A middle-aged HIV-infected homosexual patient consulted his treating physician because of progressive fatigue. His antiretroviral therapy (ART) regimen included indinavir (IDV), lamivudin (3TC) and stavudine (d4T) and his only co-medication was simvastatin. His last CD4 cell count was 1033/μl and his HIV viral load had been suppressed for the previous 8 years. Physical examination revealed a diffuse maculopapular rash and scleral icterus. Blood tests showed markedly elevated transaminases [alanine aminotransferase (ALT) >1000 U/l, aspartate aminotransferase (AST) >1000 U/l], slightly elevated cholestasis parameters and a C-reactive protein of 61 mg/l. Hepatitis A virus (HAV) IgM and hepatitis C virus (HCV) antibody tests were both positive whereas hepatitis B virus (HBV) markers were negative. Testing of a previous stored serum sample secured the diagnoses of acute HAV and chronic HCV infections. To simplify the ART regimen, the treating physician proposed a switch to a single-tablet regimen including tenofovir alafenamide (TAF), emtricitabine (FTC), cobicistat (COBI) and elvitegravir (EVG). Two weeks later, the patient presented with increased fatigue, severe muscle pain and reported reduced micturition and a dark discoloration of the urine. Laboratory analyses showed severe renal dysfunction [estimated glomerular filtration rate (eGFR) 12 ml/min, potassium 6.1 mmol/l], very high transaminases (ALT > 2279 U/L, AST > 5193 U/L) and creatinine-kinase above 200 000 U/l. The patient was diagnosed with rhabdomyolysis and secondary acute renal failure and referred for dialysis. After discontinuation of ART and simvastatin, creatinine-kinase and transaminase levels decreased rapidly so that, after 2 months, dialysis was no longer needed.
The present clinical case reflects the complexity of the management of HIV-infected patients on long-standing ART, with the potential for developing drug–drug interactions (DDI) and the risk of contracting sexually transmitted infections (STI). The patient described in this report acquired HAV and HCV infections, probably through sexual contact, and developed severe rhabdomyolysis after switching to a novel single-tablet regimen (TAF/ETC/COBI/EVG), while treated with a contraindicated statin.
Integrase strand transfer inhibitors (InSTI) have been associated with rhabdomyolysis, with most reported cases being related to the use of raltegravir (RAL) [1,2]. In a large observational cohort from Spain, approximately 1% of patients treated with InSTI-containing regimens developed muscle toxicity . Whereas significant creatinine-kinase increases associated with RAL were common in large clinical trials, severe rhabdomyolysis was extremely rare in the absence of statins . In phase 3 clinical trials comparing TAF/ETC/COBI/EVG with atazanavir and efavirenz-based regimens, one patient in the EVG arm developed rhabdomyolysis among over 700 patients in total [5,6]. RTV and COBI increase the risk of statin-induced rhabdomyolysis by inhibiting CYP3A4-dependent metabolism. Importantly, the risk of severe rhabdomyolysis is particularly high whenever combined with simvastatin . Guidelines of the European AIDS Clinical Society (EACS) advise against combining simvastatin with RTV or COBI, and recommend close monitoring if other statins are used . The classic clinical triad of muscle pain, urine discolouration and muscle weakness is present in less than 10% of patients with rhabdomyolysis, and up to 50% only have nonspecific symptoms . Therefore, creatinine-kinase measurement should be part of routine monitoring whenever regimens containing InSTIs and RTV or COBI are prescribed alongside statins.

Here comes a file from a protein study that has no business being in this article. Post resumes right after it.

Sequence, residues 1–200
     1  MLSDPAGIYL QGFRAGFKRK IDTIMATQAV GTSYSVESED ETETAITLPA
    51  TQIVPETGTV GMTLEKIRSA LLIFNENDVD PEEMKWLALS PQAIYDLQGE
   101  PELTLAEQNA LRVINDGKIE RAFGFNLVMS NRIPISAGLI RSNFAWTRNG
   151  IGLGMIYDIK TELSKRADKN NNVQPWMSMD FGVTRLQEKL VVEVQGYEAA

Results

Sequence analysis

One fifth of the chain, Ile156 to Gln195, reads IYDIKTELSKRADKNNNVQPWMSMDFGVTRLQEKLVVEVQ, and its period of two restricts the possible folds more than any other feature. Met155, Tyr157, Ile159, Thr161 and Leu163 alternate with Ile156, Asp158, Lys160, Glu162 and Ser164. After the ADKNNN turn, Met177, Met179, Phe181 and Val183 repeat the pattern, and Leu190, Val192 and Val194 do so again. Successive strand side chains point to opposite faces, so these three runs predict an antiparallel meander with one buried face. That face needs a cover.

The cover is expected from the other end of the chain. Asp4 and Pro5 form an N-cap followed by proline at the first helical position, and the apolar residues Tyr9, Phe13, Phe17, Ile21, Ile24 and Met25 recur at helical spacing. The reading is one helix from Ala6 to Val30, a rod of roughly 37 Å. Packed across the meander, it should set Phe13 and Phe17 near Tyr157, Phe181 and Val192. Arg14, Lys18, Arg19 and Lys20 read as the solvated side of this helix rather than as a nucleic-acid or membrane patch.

The present case highlights the importance of the awareness of DDI for the optimal management of HIV-infected patients. Every physician prescribing ART must be informed about potential side-effects and interactions between ART components and other substances, and should consult available resources (such as www.hiv-druginteractions.org) to avoid potential life-threatening complications. Although several once-daily, single-pill regimens are currently available, simplified administration does not automatically translate into simplified interaction profile. Among the most important tasks of HIV physicians are the prevention, screening and early treatment of STIs. They must be informed about their patients’ sexual health, advise them on the importance of risk reduction as well as HAV and HBV vaccination. For instance, several HAV infection epidemics have recently been described among MSM, highlighting the importance of vaccination in this population .
Retrospectively, it can be concluded that the earlier switch from our patient's IDV-containing ART could have avoided hypercholesterolemia, HAV vaccination would have prevented the patient from developing an acute HAV infection, and knowledge of important DDI and close monitoring could have avoided severe metabolic and renal complications. Although the management of ART has become easier because of the reduced toxicity and improved potency of novel regimens, severe ART-related complications remain possible. Care providers must continue to monitor adherence, side-effects and regularly evaluate the potential for DDI and toxicities of individual drugs. Being increasingly confronted with an ageing, polymorbid HIV-infected population, general practitioners and HIV specialists must strengthen their collaboration to guarantee optimal medical care for their patients.
Conflicts of interest
There are no conflicts of interest.
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